Building a successful website requires strategic planning and impeccable design. A poor website design will cause even the best products to fail commercially. On the flip side, a great website design can help sell poorly constructed products. That’s because the user experience plays a huge role in influencing a visitor’s actions. The most important part of the user experience is navigation.
Navigation must be intuitive to serve its purpose
You’ve probably heard plenty of marketing experts say that search engine optimization (SEO) – including keywords and quality content – are vital to a website’s success. Content and keywords are important, but focusing on navigation and ease of use is equally important.
What makes a website easy to use? Intuitive navigation. Navigation is supposed to help website visitors find what they’re looking for. To serve this purpose, navigation must be intuitive.
What is intuitive navigation?
Everyone talks about building “intuitive website navigation,” but what does that really mean? What makes navigation intuitive?
The generally accepted definition of intuitive is when something is known or perceived innately, without requiring outside help or guidance. In this sense, intuitive navigation would be navigation that a website visitor can use easily to find what they’re looking for without being instructed on how to use the navigation.
To get an idea of what intuitive navigation looks like, here are 4 examples:
1. Intuitive navigation utilizes the right words
When creating top bar navigation, the words you choose matter. For example, ‘home’ is the only appropriate word to use for a link that goes back to the main page. Anything else will be confusing. Other links can be more creative as long as they accurately describe the content.
Say you’re a marketing firm and you offer five different services: SEO, content writing, copywriting, PPC ads, and direct marketing. You’ll probably place these links in a drop-down menu of some kind under a main link.
You can call your main link ‘Services’ and visitors will understand exactly what that means. You can get a little more creative and label your link ‘Marketing Services’ and visitors will still understand what it means. However, if you get too creative and label your link ‘Get Results Now,’ you won’t get as many clicks. It’s not that people don’t want results, but ‘Get Results’ isn’t an intuitive way to tell people your marketing services are accessible behind that link.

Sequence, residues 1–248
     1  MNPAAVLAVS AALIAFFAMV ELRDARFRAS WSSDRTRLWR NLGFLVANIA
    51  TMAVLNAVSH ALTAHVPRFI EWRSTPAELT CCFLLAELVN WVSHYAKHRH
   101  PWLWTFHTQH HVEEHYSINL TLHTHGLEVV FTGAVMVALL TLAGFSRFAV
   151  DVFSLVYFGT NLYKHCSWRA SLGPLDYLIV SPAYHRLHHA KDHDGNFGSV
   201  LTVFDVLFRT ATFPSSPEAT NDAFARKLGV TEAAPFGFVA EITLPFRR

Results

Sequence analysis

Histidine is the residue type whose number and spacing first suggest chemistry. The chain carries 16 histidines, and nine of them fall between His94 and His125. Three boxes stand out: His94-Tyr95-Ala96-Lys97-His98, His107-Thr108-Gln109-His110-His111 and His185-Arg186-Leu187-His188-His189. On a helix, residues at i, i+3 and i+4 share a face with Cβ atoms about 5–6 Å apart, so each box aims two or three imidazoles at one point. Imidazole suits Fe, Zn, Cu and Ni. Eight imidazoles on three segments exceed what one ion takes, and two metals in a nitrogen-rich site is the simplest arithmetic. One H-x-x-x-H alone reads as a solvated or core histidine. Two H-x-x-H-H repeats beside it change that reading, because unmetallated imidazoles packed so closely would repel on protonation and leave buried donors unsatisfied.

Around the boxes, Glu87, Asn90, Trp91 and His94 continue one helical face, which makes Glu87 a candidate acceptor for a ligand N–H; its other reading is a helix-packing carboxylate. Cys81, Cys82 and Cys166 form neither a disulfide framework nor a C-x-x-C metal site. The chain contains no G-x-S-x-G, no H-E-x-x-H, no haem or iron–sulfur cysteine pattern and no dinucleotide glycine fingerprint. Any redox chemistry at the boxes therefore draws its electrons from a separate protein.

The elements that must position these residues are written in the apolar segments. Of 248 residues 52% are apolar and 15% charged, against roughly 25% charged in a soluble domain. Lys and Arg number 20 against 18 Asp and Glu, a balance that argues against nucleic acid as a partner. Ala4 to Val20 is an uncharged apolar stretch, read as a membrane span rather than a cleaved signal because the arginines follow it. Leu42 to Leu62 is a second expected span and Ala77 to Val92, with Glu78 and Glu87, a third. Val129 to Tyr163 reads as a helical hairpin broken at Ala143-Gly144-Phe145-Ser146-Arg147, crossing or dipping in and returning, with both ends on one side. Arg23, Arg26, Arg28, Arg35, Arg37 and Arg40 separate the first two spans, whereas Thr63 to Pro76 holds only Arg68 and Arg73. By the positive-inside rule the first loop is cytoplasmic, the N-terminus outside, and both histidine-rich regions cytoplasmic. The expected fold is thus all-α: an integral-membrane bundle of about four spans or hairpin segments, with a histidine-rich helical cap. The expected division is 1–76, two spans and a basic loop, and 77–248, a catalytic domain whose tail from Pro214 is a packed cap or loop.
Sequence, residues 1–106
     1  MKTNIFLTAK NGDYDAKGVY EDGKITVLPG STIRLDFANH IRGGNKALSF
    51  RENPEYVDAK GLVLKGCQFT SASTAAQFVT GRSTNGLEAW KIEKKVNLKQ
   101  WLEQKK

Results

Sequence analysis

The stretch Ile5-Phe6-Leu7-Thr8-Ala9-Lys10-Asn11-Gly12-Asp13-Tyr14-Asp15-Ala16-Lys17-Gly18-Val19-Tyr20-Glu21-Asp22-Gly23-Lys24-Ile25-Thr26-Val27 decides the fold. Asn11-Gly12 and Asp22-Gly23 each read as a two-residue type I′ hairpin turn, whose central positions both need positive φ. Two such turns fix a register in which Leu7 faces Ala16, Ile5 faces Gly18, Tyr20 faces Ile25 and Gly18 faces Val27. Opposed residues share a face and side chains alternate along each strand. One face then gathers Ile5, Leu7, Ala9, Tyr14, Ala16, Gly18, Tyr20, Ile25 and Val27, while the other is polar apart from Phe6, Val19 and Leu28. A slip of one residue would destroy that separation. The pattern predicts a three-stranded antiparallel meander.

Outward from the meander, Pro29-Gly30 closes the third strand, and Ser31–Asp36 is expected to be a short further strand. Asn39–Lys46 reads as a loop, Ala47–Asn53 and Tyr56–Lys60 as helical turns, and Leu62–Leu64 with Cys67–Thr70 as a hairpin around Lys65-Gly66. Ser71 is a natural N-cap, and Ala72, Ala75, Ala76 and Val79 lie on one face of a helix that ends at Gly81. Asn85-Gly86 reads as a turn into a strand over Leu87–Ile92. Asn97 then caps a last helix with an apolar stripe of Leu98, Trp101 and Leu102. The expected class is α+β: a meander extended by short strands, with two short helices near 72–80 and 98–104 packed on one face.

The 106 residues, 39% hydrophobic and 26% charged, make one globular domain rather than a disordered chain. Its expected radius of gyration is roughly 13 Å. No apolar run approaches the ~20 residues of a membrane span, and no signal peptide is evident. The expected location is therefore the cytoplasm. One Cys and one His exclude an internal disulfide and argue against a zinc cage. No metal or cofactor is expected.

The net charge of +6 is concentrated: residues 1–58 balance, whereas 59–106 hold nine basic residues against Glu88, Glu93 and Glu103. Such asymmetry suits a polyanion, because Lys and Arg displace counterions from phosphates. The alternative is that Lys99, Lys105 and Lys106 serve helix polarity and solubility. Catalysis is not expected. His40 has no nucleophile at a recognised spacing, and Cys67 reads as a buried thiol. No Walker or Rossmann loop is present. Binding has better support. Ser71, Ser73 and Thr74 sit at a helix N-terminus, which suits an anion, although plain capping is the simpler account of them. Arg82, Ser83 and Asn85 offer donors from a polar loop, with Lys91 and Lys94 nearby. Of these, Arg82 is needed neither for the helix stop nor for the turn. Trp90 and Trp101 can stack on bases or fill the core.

2. Intuitive navigation involves seamless menu operation
You can do plenty of fancy tricks with your navigation menus by having them slide out, move, shake, and change colors. These features are cool, but they’re distracting. Unless your website is built for entertaining visitors, you can’t afford to have distracted visitors.
A seamless menu operation might use animation when links are clicked or hovered over, but that animation is smooth and seamless. If you can’t help but use animations, they should be subtle and clean.
3. Intuitive navigation changes with the times
While some aspects of navigation are innately intuitive, others are developed out of habit through repetition. In that way, what’s intuitive can change over time.
For example, in the 2000s, blog themes traditionally placed all sidebar navigation on the left side of the page. At that time, it was counterintuitive to put vertical sidebar navigation on the right side of the page. However, that changed over time. Today, vertical sidebar navigation sits comfortably and intuitively on the right side of the page.
Another aspect of intuitive navigation that’s changed over time is the practice of linking brand logos to the homepage. Ten years ago, only a handful of sites linked their logo back to the home page. Today, statistics show that 36% of web visitors will click on the company’s logo to get back to the homepage. It’s an unspoken intuitive navigation feature.
4. Intuitive navigation meets user expectations
Meeting user expectations is what makes a menu intuitive. Just like users expect to find sidebar navigation on the left, they also expect to find ‘extra’ links in the footer that aren’t in the main menu.
Although many would say it’s a bad idea to follow trends, when it comes to navigation, trends set expectations. If your website navigation doesn’t meet a user’s expectations, their experience will be diminished, and they might even bounce.
Ask for user feedback
The best way to tailor your navigation to your users’ needs is to ask for feedback from friends, family, and actual users through a service like UsabilityHub. Find out what works and change what doesn’t. Creating intuitive website navigation requires multiple revisions to get right, so keep making changes until it’s perfect.
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